Main Menu
Related Practices

Insurance Bad Faith Claims in the Age of AI Jim

Insurance Law360
January 29, 2018

By Dennis C. Anderson
To read this article in PDF format, please click here.

On the evening of Dec. 23, 2016, at seven seconds after 5:49 p.m., the holder of a renter’s policy issued by upstart insurance company Lemonade tapped “submit” on the company’s smartphone app. Just three seconds later, he received a notification that his claim for the value of a stolen parka had been approved, wire transfer instructions for the proper amount had been sent and the claim was closed. The insured was also informed that before approving the claim, Lemonade’s friendly claims-handling bot, “A.I. Jim,” cross-referenced it against the policy and ran 18 algorithms designed to detect fraud.

In a blog entry posted the following week, Lemonade characterized the three-second claim approval as a world record. Others called it a publicity stunt. And a year later, it’s certainly old news in the insurance industry. But there is no dispute that A.I. Jim’s light-speed claim approval illustrates how “insurtech” companies — tech-oriented startups in the insurance sector — are sidestepping traditional insurers by using technology to reach customers, sell insurance products, and process insurance claims.

Insurtech represents a small sliver of the overall insurance industry, but its explosive growth is drawing a great deal of attention and capital investment, as well as a growing slice of market share. The use of algorithms in the insurance industry is nothing new, but their use has been primarily in risk assessment. The rise of insurtech, and the sector’s heavy use of algorithms in the claims-handling process, is raising questions about how traditional insurance law applies (or doesn’t) to this new paradigm in which functions traditionally carried out by human beings are increasingly handled by bots like A.I. Jim and the algorithms that power them.

Take insurance bad faith, for instance. The basic framework of an insurance bad faith claim is that the policy entitles the insured to certain benefits, and those benefits have been unreasonably withheld by the insurer. Such claims can be brought under the common law duty of good faith and fair dealing, but are commonly brought under insurance bad faith statutes that prohibit specific conduct, such as denying a claim without explanation, or without first conducting a reasonable investigation.

The threshold prerequisite for an insurance bad faith claim is that the underlying insurance claim has been denied. When the denial results from a traditional insurer’s human-powered claims examination process, the human beings involved typically leave a trail of emails, reports, and other documents that explain their process. But suppose a claim is denied by a bot rather than a human. What then?

The modern inclination to trust computers to do things right — especially things we don’t understand ourselves — may deter bad faith claims when the denial decision is made by a computer. Indeed, to the casual observer, algorithmic processing of insurance claims might seem like the gold standard in objectivity and even-handedness. But that’s not necessarily the case.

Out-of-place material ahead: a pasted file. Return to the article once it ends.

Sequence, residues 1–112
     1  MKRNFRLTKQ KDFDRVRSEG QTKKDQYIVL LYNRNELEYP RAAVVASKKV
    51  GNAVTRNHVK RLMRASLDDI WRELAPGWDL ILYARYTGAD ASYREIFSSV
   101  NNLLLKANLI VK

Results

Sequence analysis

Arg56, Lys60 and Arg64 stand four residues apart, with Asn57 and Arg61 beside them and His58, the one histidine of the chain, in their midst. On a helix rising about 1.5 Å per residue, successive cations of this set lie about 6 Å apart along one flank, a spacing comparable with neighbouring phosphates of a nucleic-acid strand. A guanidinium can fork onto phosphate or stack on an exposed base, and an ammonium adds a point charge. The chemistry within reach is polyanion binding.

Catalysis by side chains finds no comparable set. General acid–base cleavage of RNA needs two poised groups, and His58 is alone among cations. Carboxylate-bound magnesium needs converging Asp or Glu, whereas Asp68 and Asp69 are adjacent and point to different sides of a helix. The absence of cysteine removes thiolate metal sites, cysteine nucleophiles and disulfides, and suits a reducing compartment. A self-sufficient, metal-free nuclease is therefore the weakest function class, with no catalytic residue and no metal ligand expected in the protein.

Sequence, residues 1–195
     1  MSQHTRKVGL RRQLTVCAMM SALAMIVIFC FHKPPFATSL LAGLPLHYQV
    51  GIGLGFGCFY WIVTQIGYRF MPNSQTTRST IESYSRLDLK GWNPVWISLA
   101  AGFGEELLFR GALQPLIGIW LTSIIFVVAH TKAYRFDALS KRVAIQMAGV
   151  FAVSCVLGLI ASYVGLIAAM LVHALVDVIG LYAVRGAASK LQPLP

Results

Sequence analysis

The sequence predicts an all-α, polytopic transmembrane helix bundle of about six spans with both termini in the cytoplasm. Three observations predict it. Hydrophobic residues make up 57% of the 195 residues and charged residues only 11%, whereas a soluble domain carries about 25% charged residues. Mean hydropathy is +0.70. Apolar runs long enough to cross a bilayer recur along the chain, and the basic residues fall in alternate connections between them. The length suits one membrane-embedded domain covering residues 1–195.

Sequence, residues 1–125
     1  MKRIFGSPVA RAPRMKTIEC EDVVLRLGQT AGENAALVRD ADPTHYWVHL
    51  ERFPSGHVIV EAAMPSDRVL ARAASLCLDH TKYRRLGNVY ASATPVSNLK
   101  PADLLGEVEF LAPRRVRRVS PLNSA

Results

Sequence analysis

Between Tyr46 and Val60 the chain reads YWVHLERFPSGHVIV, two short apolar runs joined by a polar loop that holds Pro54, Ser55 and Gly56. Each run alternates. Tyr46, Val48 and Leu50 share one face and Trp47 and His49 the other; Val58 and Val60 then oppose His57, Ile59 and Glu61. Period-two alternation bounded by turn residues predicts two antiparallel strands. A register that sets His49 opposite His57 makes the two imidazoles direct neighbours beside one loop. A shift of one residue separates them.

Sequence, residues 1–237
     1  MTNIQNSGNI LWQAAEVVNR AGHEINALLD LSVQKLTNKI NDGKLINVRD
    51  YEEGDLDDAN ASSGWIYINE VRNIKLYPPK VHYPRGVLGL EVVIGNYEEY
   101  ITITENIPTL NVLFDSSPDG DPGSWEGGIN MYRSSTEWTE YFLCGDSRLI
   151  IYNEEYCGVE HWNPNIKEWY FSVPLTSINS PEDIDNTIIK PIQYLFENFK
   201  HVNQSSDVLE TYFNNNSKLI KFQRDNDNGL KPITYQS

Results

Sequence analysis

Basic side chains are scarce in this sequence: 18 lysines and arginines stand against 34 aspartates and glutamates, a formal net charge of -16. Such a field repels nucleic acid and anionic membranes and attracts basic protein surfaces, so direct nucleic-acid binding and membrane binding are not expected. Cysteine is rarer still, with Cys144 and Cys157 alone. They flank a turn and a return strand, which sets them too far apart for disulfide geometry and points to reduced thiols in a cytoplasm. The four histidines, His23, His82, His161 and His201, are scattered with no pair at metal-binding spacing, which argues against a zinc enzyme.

In her book Weapons of Math Destruction, mathematician Cathy O’Neil argues that people are often too willing to trust mathematical models because they believe that math will remove human bias, when in fact, algorithms may only be as even-handed as the people who create them. Media outlets describe this phenomenon as “algorithmic bias,” and many experts believe we are only in the early stages of understanding it. As the concept of algorithmic bias gains acceptance, the popular perception that algorithms are fair and objective will likely erode. And in a marketplace where insurers are often regarded as making money by denying claims, policyholders may suspect that algorithms built by insurers are biased in favor of denying claims.

Algorithmic claims handling also presents practical challenges in a litigation setting. Attorneys defending insurance bad faith claims routinely rely on information gathered and analyzed by human claims examiners to show how the facts of the loss justify a denial of the claim. The humans involved in the process are available to explain and defend their decisions, and can usually point to notes, emails and other documents for support. But when a bot denies a claim, an insurer’s legal team may face the challenge of explaining to a jury how the bot arrived at that decision, and persuading jurors that they should trust the bot’s impartiality. In other words, they may have to explain in laypersons terms how the underlying algorithms work in hopes of persuading human jurors how a computer-generated bot acted in good faith.